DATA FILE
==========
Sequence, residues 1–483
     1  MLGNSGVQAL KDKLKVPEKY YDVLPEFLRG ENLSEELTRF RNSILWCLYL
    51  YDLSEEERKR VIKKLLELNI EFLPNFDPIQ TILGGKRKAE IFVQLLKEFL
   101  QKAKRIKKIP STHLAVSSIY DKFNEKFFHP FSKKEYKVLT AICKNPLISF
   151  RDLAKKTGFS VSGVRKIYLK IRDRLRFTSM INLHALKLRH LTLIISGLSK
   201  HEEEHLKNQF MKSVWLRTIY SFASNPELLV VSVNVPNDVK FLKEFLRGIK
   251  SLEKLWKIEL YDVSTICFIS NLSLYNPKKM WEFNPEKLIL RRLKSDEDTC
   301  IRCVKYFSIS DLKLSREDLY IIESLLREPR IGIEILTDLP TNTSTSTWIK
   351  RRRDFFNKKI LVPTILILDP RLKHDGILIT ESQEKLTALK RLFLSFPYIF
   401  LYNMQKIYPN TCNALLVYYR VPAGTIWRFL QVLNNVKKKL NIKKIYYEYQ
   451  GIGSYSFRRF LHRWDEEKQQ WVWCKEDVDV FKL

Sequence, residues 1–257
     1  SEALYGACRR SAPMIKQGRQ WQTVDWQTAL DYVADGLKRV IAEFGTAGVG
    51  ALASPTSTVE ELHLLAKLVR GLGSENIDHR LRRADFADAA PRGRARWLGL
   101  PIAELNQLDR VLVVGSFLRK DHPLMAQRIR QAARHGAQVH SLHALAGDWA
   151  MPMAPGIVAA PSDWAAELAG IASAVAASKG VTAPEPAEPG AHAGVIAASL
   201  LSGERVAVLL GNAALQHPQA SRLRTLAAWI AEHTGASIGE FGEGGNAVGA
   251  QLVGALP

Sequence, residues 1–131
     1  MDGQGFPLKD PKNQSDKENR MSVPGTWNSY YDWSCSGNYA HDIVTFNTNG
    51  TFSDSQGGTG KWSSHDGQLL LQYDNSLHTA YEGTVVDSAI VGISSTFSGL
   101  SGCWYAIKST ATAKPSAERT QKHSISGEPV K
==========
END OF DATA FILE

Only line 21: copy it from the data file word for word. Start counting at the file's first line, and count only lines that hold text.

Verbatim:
    51  TFSDSQGGTG KWSSHDGQLL LQYDNSLHTA YEGTVVDSAI VGISSTFSGL